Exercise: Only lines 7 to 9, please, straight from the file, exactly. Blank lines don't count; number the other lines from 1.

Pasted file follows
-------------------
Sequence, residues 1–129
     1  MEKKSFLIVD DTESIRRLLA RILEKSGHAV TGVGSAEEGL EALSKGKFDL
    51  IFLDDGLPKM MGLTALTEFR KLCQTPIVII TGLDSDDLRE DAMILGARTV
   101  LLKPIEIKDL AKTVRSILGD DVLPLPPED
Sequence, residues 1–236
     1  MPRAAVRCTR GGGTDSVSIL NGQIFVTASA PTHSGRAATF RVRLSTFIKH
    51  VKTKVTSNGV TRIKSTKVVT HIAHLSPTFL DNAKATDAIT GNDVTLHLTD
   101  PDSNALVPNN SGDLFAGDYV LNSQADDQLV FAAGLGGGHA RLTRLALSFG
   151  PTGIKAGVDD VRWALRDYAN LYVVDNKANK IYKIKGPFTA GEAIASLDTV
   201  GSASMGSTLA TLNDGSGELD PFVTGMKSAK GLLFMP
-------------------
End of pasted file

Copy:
    51  VKTKVTSNGV TRIKSTKVVT HIAHLSPTFL DNAKATDAIT GNDVTLHLTD
   101  PDSNALVPNN SGDLFAGDYV LNSQADDQLV FAAGLGGGHA RLTRLALSFG
   151  PTGIKAGVDD VRWALRDYAN LYVVDNKANK IYKIKGPFTA GEAIASLDTV